The Important Difference Between Peace and Complacency in Your Money Mindset

November 18, 2014

Connect Member

Personal finance expert & writer for ReadyForZero

readyforzero.com

If you’ve been reading my posts here on DailyWorth, then you’ve already read my words on how unbelievably stressful debt can be. Sometimes I’m not even sure what’s worse: paying for debt in the amounts of insanely high interest rates or the emotional impact of that black cloud that follows you around day in and day out, taunting you at every moment.

That’s why I’m such a huge proponent of making peace with your financial situation. How else could we possibly move on and do something about it? The only problem is... too much peace can sometimes lead to complacency.

Recently I had a conversation with the wonderful and inspiring Paula Pant of Afford Anything (seriously, if you haven’t read her blog yet, start now) and she said something that really stuck with me:

You have to make debt an emergency.

Never before had I heard it explained this way. But as I let her words sink in, I realized how true they were. That was the moment I realized that I let peace turn to complacency in my life.

Debt Is an Emergency
I’ve battled credit card debt and student loan debt. Credit card debt felt like just about the worst thing ever and student loan debt mostly felt like a necessary evil. So I went into high gear to pay one off, then let the other slide into autopilot.

Every month I paid my student loan debt bill (yes, I saw it as a bill and not a debt) and put no more thought into it. Then one day I signed up for ReadyForZero and I saw just how much money this bill was going to cost me. In short, around $9,000 more than I thought.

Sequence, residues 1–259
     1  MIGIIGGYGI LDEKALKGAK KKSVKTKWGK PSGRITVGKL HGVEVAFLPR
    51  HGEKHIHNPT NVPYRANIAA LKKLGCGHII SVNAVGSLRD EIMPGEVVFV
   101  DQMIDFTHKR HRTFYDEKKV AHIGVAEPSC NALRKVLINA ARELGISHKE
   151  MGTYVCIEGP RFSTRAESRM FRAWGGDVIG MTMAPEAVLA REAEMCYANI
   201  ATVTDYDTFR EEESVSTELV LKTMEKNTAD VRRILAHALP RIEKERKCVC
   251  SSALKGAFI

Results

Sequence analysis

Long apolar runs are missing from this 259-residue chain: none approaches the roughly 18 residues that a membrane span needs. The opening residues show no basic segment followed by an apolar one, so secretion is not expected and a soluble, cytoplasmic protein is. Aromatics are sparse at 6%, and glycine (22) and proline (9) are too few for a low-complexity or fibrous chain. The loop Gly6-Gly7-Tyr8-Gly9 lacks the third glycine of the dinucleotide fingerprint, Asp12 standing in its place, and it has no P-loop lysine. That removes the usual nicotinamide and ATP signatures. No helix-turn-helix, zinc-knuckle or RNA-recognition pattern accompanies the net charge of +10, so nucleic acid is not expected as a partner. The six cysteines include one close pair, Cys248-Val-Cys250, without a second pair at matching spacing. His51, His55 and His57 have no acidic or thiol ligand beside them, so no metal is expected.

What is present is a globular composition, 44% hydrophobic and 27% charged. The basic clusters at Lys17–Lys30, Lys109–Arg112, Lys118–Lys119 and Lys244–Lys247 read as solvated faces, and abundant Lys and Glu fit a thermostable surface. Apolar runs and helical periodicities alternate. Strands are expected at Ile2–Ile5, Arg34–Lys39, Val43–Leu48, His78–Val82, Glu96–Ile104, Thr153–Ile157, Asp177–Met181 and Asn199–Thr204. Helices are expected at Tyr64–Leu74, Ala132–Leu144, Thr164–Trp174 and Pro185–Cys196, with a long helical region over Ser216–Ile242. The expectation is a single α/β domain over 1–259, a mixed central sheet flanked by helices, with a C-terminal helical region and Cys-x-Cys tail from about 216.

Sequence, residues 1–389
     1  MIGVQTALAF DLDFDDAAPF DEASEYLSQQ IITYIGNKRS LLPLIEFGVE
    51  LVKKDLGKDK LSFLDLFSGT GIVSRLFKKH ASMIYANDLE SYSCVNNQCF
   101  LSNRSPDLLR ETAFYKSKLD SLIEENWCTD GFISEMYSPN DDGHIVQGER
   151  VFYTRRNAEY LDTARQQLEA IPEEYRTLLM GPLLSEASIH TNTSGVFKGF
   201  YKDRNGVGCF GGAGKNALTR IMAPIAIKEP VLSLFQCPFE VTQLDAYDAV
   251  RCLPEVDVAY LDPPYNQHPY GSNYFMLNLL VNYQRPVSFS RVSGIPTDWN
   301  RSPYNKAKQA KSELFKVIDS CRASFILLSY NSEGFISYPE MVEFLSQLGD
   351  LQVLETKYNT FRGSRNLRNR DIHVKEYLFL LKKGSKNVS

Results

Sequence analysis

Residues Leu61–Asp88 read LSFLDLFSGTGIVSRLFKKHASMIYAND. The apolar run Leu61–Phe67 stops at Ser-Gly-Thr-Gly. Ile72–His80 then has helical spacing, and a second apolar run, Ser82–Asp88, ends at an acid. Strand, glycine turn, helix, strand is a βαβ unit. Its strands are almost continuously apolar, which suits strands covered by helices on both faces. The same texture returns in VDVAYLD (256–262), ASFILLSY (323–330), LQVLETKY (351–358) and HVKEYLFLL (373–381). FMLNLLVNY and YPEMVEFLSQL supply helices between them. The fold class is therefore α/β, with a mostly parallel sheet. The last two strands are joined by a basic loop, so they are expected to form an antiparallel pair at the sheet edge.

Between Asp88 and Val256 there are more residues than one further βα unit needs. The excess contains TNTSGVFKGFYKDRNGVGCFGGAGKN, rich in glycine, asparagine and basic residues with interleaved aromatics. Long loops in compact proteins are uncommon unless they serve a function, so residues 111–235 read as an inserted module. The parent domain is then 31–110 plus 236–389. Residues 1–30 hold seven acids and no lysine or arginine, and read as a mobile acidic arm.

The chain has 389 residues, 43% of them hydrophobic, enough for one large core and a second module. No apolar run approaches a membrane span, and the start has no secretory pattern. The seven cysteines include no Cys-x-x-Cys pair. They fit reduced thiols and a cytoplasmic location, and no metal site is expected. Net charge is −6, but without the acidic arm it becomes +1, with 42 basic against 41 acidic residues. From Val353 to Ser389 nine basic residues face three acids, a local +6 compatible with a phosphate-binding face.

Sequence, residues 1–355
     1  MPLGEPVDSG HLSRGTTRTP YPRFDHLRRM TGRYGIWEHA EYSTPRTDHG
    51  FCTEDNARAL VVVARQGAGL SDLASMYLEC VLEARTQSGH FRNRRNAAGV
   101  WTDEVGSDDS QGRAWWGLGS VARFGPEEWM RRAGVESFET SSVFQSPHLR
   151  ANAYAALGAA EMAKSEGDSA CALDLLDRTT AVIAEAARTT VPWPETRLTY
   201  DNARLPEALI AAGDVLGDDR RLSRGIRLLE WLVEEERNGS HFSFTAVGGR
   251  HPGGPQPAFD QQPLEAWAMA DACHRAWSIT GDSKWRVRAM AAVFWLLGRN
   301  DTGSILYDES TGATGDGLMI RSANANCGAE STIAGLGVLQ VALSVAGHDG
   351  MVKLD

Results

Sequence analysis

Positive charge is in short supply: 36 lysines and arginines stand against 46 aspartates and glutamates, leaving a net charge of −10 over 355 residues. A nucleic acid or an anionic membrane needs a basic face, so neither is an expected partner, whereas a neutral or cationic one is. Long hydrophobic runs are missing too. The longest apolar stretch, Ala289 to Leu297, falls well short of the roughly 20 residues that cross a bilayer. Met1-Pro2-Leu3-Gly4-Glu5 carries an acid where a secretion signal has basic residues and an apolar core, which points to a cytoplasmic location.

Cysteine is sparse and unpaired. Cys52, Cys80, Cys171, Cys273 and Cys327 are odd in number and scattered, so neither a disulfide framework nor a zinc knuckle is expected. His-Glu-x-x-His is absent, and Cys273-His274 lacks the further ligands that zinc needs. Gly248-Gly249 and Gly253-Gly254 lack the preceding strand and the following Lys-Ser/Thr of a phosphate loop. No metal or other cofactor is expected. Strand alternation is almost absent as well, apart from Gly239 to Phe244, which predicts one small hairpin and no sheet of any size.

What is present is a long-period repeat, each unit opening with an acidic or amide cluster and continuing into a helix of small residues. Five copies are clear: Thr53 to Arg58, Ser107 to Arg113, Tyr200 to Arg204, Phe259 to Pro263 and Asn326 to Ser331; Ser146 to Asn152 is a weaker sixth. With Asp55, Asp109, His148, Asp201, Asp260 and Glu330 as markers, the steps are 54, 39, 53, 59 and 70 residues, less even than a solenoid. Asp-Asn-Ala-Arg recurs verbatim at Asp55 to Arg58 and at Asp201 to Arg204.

Why? Interest.

In other words, my current balance due of $34,000 is going to end up being about $43,000 when all is said and done (if I stick to the standard repayment plan). And that’s only one of my student loans! While that’s nowhere near as costly as high interest rate credit card debt, I’d say it’s a pretty big emergency.

...Because nowhere on that promissory note did I see a notice “reminding” me of just how much debt I was truly signing on for once the interest rates over a set payment plan kick in.

Make Peace with It - Then Kick It In the Butt
To say I got mad when first seeing that number is putting it lightly. All this time I was chugging along, doing what I thought was right — only to find out that I was costing myself a ton of money in the process. It makes perfect sense in hindsight... but we’re just not taught to look at student loans this way.

So I said to myself, “Okay, if I stick to the plan, then I’ll pay almost $10k more than I borrowed. At least I know it’s debt that’s not going to grow more than that. And it was an investment in my future that I’ll never, ever regret. Good. Now it’s time to kick it in the butt!”

I signed up for biweekly payments. I started shopping around for better interest rates. I decided that peace doesn’t have to equal complacency. I can be mad but still be productive. I’m not mad at myself or the debt. I’m mad at the interest. So I’m going to beat the interest.

Empower Yourself
Now that I know the way to beat the interest, I’m not mad anymore. I’m back to feeling at peace — but not a complacent peace. I’d call what I feel a satisfied peace. I know that I’m doing everything I can to eliminate this debt while still balancing it with my other goals such as savings and retirement.

Are you ready to empower yourself? Take a long, hard look at your debt. How much is it truly going to cost you? And what can you do to minimize that cost? Find ways to pay it off faster, lower your interest rates, and even consider consolidating or refinancing to further optimize your payoff. Then you’ll have the power to beat that interest and feel good about your financial situation!

Shannon McNay is a member of the DailyWorth Connect program. Read more about the program here.

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